Updated: Sep 19, 2022
Sally Gelardin, EdD
Listen to variations of Leonard Cohen’s Earworm, Hallelujah
Choose the interpretation of Hallelujah that you like (or like best) and explain why
Adults of a variety of abilities, ages, stages, backgrounds, and preferences.
Brief Description of Activity
Like telling a story, there are different ways to play or sing a song. We can sharpen our listening and left brain skills by listening to different interpretations of a song, choosing the interpretation that we like, and explaining what we like about a particular interpretation of the song that we chose.
Streaming Music App, such as YouTube, Spotify, Apple Music, Amazon Music, and Qobuz. YouTube or Spotify, at no cost, are the easiest to use.
Device to play song, such as tv monitor, computer, iPAD, iPhone, and other handheld devices.
Precautions and Adaptations
Some individuals may not be able to define “Earworm” or choose the interpretation that they like with words, but may be able to choose the interpretation that they like using their other senses, such as by dancing to the music, clapping their hands, stamping their feet, singing, and expressing their appreciation through facial and other body gestures. I would be interested in exploring how this activity can be experienced by folks with varying degrees of hearing impairment.
Environment and Set-Up
A quiet environment without distractions is best so that the listener/s can concentrate on listening to the song. This activity can be used with groups of varying sizes and with individuals one-on-one or by themselves, depending on their ability.
2 minutes: Introduction to Activity/Definition. An “Earworm” is a song that gets stuck in your ear or head. All you have to do is look at or think about the the lyrics and your brain can get stuck on repeat. Nearly everyone, 90 percent of people, experiences an an Earworm with some song at least once a week, according to a music psychologist. Let’s listen to an Earworm, such as Leonard Cohen’s Hallelujah.
2 minutes: Purpose/Objectives. Like telling a story, there are different ways to sing or play a song. We can sharpen our listening skills by listening to different interpretations of a song, such as Hallelujah, and choosing the interpretation that we prefer.
2 minutes: Instructions LISTEN to variations of a song (name the song, such as Hallelujah, or invite participant/s to choose a song). After listening carefully to a few variations, you can CHOOSE the interpretation that you like. At the end of this activity, I shall ask you three questions: (1) What is an “Earworm” ? (2) What song did you listen to? (3) Which interpretation of that song did you like or like best?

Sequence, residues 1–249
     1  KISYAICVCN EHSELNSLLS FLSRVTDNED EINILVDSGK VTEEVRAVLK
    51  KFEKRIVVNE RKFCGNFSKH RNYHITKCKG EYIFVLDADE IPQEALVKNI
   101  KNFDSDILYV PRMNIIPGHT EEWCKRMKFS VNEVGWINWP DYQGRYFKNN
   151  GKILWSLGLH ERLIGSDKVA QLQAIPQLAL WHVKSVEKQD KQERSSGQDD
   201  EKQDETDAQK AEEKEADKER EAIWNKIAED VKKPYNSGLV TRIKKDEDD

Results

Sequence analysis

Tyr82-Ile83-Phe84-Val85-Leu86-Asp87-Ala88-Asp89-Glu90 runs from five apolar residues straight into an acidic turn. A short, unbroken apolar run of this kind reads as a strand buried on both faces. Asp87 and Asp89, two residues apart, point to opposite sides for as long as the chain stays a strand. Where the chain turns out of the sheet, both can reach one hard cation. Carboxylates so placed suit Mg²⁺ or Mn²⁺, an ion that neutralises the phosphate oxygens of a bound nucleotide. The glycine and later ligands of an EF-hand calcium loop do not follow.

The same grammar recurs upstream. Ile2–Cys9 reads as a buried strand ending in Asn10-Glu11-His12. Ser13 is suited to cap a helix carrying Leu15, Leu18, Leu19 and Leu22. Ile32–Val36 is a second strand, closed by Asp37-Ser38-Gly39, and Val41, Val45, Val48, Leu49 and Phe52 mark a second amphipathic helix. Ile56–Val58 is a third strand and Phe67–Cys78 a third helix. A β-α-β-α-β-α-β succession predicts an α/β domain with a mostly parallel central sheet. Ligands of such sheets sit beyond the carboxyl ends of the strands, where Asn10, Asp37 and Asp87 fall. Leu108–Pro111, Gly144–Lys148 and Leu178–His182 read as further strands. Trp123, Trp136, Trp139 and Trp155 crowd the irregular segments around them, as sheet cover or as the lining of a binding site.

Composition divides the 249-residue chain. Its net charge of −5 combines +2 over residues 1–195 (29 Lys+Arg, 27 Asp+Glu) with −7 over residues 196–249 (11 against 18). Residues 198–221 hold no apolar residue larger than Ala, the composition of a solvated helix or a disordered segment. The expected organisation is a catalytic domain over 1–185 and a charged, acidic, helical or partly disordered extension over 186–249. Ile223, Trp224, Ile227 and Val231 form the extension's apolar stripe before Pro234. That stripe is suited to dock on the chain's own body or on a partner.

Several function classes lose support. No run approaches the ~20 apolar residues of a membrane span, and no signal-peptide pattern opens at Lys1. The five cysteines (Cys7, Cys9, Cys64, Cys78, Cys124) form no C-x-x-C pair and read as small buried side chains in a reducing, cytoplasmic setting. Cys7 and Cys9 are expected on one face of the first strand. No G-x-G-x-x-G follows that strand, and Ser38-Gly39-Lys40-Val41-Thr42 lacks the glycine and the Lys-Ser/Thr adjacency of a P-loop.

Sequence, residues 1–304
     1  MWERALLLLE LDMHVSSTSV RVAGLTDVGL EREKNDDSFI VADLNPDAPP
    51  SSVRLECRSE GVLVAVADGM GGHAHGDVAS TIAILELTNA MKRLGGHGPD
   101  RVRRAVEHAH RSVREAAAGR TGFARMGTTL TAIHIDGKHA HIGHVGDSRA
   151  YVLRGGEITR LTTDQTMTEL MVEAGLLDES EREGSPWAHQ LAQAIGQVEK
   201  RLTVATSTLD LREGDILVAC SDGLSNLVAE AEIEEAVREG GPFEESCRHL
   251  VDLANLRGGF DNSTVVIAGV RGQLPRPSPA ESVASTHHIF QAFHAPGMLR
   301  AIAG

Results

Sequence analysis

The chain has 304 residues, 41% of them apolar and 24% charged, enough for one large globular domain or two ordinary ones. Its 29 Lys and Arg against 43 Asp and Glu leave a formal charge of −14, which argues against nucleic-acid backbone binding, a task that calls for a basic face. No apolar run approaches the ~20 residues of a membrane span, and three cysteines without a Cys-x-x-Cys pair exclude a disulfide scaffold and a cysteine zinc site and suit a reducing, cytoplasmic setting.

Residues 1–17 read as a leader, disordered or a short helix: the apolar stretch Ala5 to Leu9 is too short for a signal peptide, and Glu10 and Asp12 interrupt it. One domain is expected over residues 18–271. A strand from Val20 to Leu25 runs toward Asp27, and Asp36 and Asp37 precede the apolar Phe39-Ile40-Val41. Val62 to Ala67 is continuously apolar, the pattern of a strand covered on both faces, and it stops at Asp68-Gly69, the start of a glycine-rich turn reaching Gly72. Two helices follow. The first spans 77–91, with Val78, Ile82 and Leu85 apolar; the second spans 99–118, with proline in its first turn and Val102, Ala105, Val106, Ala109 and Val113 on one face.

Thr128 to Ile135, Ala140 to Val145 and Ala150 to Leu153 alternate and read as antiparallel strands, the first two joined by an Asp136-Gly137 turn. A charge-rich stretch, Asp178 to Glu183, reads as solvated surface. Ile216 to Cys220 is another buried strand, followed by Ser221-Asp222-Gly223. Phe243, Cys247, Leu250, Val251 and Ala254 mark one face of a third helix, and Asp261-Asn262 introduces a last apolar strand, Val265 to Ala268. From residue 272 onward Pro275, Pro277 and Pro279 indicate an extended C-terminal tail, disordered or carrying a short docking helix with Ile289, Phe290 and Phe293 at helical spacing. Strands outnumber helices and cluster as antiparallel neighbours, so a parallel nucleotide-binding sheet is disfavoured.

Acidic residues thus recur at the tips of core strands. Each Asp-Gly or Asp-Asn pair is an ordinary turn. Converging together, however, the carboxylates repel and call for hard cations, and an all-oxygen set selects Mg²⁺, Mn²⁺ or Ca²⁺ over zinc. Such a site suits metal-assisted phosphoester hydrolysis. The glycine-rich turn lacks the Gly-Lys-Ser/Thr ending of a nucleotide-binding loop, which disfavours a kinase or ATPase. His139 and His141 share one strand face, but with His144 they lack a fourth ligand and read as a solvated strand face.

10 to 20 minutes: Listen to Variations of a Song, such as Hallelujah.
7 minutes: Group Discussion. Participants share with another person or a smaller group of 3 to 5 people, which interpretation of that song they liked best and why.
10 minutes: Group Presentations. Partners or small groups share with the larger group why they chose a particular variation of the song and why.
2 minutes: Summary. Like telling a story, there are different ways to play or sing a song. We sharpened our listening skills by listening to different interpretations of Leonard Cohen’s Hallelujah song, choosing the interpretation that we prefer, and explaining why we prefer that interpretation.
5 minutes: Evaluation. What is an “Earworm”? What Earworm did we listen to? Which interpretation of that song did you prefer? Why did you prefer that particular version of the song?
Evaluation/Assessment of Learning
What is an “Earworm”?
What Earworm did you listen to?
Which interpretation of that song did you like/like best?
What did you like about the song that you chose?
Optional additional sections:
Key-notes blog, https://www.key-notes.com/blog/what-is-musical-interpretation
Piece of music, https://www.vocabulary.com/dictionary/piece%20of%20music
Sample Earworm song: Hallelujah, composed by Leonard Cohen.
Definition of “Earworm,” https://www.today.com/health/study-shows-what-makes-song-earworm-t104651
Sample Earworms (variations of Hallelujah, composed by Leonard Cohen) Search for the versions of the song on a streaming music app.)
Hallelujah, sung and played on guitar by Jeff Buckley, https://www.youtube.com/watch?v=y8AWFf7EAc4
Hallelujah, sung by Leonard Cohen, alive in London, https://www.youtube.com/watch?v=YrLk4vdY28Q
Shrek Version of Hallelujah, sung by Espen Lind, https://www.youtube.com/watch?v=Qt2FWAbXinY
A different Shrek Version of Hallelujah, sung by Rufus Wainright, https://www.youtube.com/watch?v=s11LhWk7z_E
Hallelujah at Leonard Cohen’s funeral, sung by KD Lang, https://www.youtube.com/watch?v=P_NpxTWbovE
In addition to listening to variations of a song, we can also practice playing a song with different instruments, different degrees of loudness and softness, different pace and other variations.
An Offer to MAP Members and Presenters:
If you email to me your concept for an activity that can be facilitated with elders, I would be glad to work with you gratis to convert it to an activity in this outline format.
*This activity is voluntarily donated by Marin Activity Professionals to MAP for web posting as a free public resource.
Thanks to Betsy Best-Martini, Mary Anne Weeks, and Priscilla Wirth for including the outline, as a basis for this activity, in their Long Term Care for Activity Professionals, Social Services Professionals, and Recreational Therapists, Seventh Edition.
Thanks to Bob Gelardin for envisioning "Earworm" variations; to Beth Milwid, PhD, for encouraging MAP participants to view the 2022 Hallelujah film, Leonard Cohen, A Journey, A Song; and to Susan Cain for highlighting Leonard Cohen's Hallelujah song in her Bittersweet book and course. I can't get this "Earworm" out of my head!!!